tical understanding. This analysis approaches Baudelaire's com-
mentary on materialist ideology and "l'oreiller de la fatalite."

I am speaking only of Benjamin's position in "On Some Motifs in Baudelaire."

In the "Theses on the Philosophy of History," Benjamin is careful to distinguish
between topical and dialectical transformations. See the fourteenth thesis, Illumzna-
tions, p. 26 1.
When such an ideology holds sway, progress and decadence be-
come mirror images of one another, false projections of tempo-
rality within the closed circle of fate. T h e fatum which presides
over both Baudelaire and Wiertz is that of the homogeneous mo-
ment, the only temporality available to a materialist ideology.
Somewhere beyond this enclosure Benjamin posits the "authen-
ticity" of the photograph, which gives the promise of history. T h e
photograph's authenticity is tied to no specific moment, a fact we
may deduce from Benjamin's assertion that "it will not always be
possible to link this authenticity with reportage . . .";lo in other
words, reportage is only a moment in the dialectic of authenticity.
Thus, in "Kleine Geschichte," the dialectic and the materialist mo-
ment are held apart by the distance that separates authenticity
from inauthenticity. With this in mind, we should not be surprised
by what transpires in "On Some Motifs in Baudelaire": Benjamin
attempts to bring the materialist moment into a dialectical arena,
and the authenticity of the photograph evaporates. When he asso-
ciates photography with voluntary memory, Benjamin actually re-
inforces the link between the photograph's authenticity and re-
portage, and thereby short-circuits the dialectical possibilities he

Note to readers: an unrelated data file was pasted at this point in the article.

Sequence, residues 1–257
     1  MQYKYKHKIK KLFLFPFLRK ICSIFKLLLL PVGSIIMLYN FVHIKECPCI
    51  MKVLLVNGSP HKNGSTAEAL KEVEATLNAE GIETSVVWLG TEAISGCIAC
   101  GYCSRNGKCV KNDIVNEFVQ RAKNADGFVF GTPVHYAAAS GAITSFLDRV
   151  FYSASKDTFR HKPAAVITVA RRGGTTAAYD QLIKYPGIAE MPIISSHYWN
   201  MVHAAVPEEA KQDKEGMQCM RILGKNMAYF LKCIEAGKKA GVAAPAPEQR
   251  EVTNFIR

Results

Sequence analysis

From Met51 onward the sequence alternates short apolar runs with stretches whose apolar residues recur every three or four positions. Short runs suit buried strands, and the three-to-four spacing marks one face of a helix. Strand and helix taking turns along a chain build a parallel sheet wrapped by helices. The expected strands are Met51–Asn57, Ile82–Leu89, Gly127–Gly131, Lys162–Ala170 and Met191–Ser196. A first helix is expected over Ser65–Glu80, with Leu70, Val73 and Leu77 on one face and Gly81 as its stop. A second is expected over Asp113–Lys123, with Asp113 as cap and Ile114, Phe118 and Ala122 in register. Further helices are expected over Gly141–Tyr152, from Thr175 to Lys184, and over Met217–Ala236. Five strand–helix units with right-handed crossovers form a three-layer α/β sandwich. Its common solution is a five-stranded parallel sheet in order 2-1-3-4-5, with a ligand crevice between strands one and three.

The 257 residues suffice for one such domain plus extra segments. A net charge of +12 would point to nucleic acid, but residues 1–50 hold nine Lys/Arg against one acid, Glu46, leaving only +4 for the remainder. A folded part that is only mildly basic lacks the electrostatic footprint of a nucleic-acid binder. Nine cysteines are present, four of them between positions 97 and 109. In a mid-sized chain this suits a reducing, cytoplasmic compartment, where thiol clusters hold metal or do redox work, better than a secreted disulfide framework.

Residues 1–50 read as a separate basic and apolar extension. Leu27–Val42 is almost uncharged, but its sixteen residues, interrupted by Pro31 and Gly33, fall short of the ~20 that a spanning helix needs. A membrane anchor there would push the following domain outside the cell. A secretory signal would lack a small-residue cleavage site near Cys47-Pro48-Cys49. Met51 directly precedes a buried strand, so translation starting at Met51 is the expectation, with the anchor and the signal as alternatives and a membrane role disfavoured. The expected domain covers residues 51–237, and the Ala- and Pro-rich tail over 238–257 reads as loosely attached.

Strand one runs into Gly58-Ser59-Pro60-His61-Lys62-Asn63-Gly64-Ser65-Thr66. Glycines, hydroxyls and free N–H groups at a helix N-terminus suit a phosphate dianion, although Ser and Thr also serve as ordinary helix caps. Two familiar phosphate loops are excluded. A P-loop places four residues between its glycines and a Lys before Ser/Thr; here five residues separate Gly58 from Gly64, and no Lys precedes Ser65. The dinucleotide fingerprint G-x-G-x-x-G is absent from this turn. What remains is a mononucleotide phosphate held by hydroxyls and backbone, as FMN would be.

had earlier envisioned. If the photograph is only authentic by
virtue of its ability to preserve positive information, and if the ma-
terialist dialectic is riveted to this moment of pure positivity, then
sooner or later the materialist dialectic will be revealed as an in-
authentic temporality, perhaps even as fate in a progressive-
seeming mask. This is why the distinction between authentic and
inauthentic appears to vanish in the later essay, why the photo-
graph's authenticity is bound up in its inauthenticity, and why its
fruits seem more fatal than epoch-making. Not only does Ben-
jamin claim that photography banishes beauty from its reproduc-
ible sphere, he also maintains that it seals off "the womb of time"
from which beauty had been drawn and puts an end to the hope
for something new, which might have compensated beauty's loss.
In view of such comments, Benjamin must have "seen through"
the dialectic he proposed in the name of photography; a true dia-
lectic would have freed beauty and time from the rule of fate."

l o See Benjamin's "Short History of Photography",in Artforum 15 (Feb. 1977),

p. 51.
It is interesting that Benjamin is not inclined, even here, to retrleve beauty by
allying it to inauthenticity. This would have been a perfect opportunity to set Bau-
delaire against himself by citing, for example: "Tes yeux, illumines ainsi que des

T h e difference in Benjamin's treatment of photographic au-

thenticity from one essay to the next should be sufficient to invali-
date the historical materialist thesis that photography determines
our perception of it., Moreover, photography appears in the
second essay, not only as a technological fact, but also as a meta-
phor; that is, not only is the photograph an object upon which